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How many students have IHPs?

Posted

Specializes in Pediatrics, school nursing. Has 10 years experience.

I know this is a question that should have come up at the beginning of the school year, or perhaps my first year of school nursing, but with the little amount of training that I received, I feel like I am continuously learning how to do my job. I am still a little unclear on which students should have IHPs. In our district handbook, it does not specify any requirements, only that we should complete them.

I complete an IHP on my students who would require a procedure at school, or have a major medical condition (seizures, diabetes, sickle cell, cystic fibrosis, tube feeding, catheter, water bolus via G-button), but I started reading through the School Nursing text today (an optional book that I purchased), and it states that students with asthma, ADHD, and allergies should have an IHP. How realistic is that expectation, and how would it benefit the students who all have those conditions? I can only imagine how many of my 1000 9th-graders have asthma, ADHD, or allergies listed on their medical form, and having to write an IHP on each of them. I don't have medication or any interaction with most of those students. I give about 7-9 ADHD meds daily, and have no students with daily inhalers.

How many of you actually write an IHP for every student with a medical condition, and do you feel that it is beneficial? If there is a part of my job that I am not doing, I'd like to work on it for next year.

iggywench, ADN, RN

Specializes in Pediatrics, school nursing. Has 10 years experience.

I forgot to add that I have district action plans for asthma and allergies from the parents who are willing get them completed; we have no standard form for students with ADHD beside the medication permission form.

We have a generic IHP's for common illness - Asthma, ADD, Severe allergies, Diabetes, Seizures, etc - I just tweek as needed, they are very minimal. I do not complete them on everyone with these diagnosis - only those I see on a regular basis - basically my Diabetics, ADD kids that I administer daily medication and a few asthma kids. Everyone else is on a case by case basis - I have had a few bad concussion, TBI's and a severe burn where I needed to create one for them, but other than that I try to avoid them as much as possible.

My personal opinion is that they are not beneficial to anyone but maybe a sub nurse in my clinic. I think it is excess paperwork just setting the district up for possible lawsuits.

1150 Students pk-8th. All students with major medical problems and/or allergies have an emergency health plan (EHP), and those that ride the bus have a bus-specific one. ADHD/mental illness/behavioral kids do not have EHPs. Been working on updating the photos on EHPs for the 17/18 school year; we have 51 EHPs. All teachers and staff that spend any meaningful time with each student has a parent-signed copy in a red pocket folder.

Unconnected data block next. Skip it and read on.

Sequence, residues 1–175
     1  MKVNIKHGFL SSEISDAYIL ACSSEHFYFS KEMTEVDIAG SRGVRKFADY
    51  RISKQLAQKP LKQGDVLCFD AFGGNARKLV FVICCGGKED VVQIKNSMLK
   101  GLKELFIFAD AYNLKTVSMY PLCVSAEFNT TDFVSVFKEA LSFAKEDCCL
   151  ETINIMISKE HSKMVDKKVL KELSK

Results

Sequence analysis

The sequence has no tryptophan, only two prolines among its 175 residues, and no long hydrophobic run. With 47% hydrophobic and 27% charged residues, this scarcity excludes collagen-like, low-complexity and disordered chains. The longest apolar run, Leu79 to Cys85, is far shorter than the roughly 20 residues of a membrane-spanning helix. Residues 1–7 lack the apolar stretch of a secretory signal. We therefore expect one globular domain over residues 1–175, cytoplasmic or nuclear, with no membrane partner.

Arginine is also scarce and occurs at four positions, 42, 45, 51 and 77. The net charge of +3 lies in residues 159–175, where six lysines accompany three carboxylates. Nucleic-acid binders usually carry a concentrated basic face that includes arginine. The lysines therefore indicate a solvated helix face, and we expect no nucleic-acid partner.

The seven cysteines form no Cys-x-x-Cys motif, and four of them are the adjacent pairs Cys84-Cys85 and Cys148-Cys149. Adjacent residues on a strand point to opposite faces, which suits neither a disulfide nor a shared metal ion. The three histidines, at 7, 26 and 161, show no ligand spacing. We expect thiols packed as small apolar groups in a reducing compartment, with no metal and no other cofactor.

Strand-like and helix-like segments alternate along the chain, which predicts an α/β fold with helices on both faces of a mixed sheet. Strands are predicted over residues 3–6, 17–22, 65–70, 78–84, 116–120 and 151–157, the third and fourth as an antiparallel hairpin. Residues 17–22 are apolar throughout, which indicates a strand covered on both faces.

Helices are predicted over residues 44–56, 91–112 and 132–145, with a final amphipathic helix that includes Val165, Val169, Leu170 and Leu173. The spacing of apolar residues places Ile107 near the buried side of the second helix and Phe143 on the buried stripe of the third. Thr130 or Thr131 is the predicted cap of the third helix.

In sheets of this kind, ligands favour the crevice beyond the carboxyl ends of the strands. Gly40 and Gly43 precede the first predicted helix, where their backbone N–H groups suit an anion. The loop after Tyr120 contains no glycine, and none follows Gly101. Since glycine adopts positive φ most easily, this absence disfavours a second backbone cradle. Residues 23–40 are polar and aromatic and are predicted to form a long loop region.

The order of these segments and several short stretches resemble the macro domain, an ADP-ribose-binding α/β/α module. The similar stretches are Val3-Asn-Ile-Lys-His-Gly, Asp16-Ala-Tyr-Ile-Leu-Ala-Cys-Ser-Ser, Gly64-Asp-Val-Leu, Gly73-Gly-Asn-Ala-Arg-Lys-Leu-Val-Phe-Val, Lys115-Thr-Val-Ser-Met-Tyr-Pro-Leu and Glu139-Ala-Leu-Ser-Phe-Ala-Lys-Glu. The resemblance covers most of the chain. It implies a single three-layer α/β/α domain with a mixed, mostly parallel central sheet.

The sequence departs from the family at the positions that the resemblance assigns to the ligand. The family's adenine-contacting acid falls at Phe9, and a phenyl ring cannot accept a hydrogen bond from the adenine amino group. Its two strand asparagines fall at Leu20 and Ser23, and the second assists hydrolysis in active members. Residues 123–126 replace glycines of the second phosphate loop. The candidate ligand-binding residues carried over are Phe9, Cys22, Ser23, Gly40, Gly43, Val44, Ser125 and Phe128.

SassyTachyRN

Specializes in Peds, Oncology. Has 4 years experience.

I do IHP's for all my seizure kids and CF kids. I do them for all my kids with epi. I will do them for any kid who might have had epi one year but doesn't now, or maybe a kid that went anaphylactic on me but I still don't have epi for. I send home a general IHP for kids with interesting diagnoses... chiari, heart conditions, cyclic vomiting, sickle cell that type of thing. If the parent doesn't send anything back, sometimes I will write a generic one, depending on what the diagnosis is. We don't write one for every kid with asthma. We will send home an asthma IHP for every kid who sends in an inhaler. If they send it back, they do. If they don't, they don't. I will write a generic one for my kids that I know are really, really bad and I didn't get ones back from the parents.

We also have a special procedure IHP for things like tube feedings, changings, skin checks, caths, etc. We don't write them for ADHD though. Oftentimes, kids have 504's for them if they are requesting anything special.

iggywench, ADN, RN

Specializes in Pediatrics, school nursing. Has 10 years experience.

I just don't understand the benefit of writing them for a student with ADHD. I'm never going to see them for any symptoms, and besides giving them daily meds (for the 7 students who take it at school), there is no other care to be provided for them. Some of the students have 504 accommodations, but not all do. I don't have any students with uncontrolled asthma, and none on daily inhalers at school.

Windchaser22

Specializes in School nurse. Has 5 years experience.

I just don't understand the benefit of writing them for a student with ADHD. I'm never going to see them for any symptoms, and besides giving them daily meds (for the 7 students who take it at school), there is no other care to be provided for them. Some of the students have 504 accommodations, but not all do. I don't have any students with uncontrolled asthma, and none on daily inhalers at school.[/

If your assessment data indicates a need, then you would write the IHP.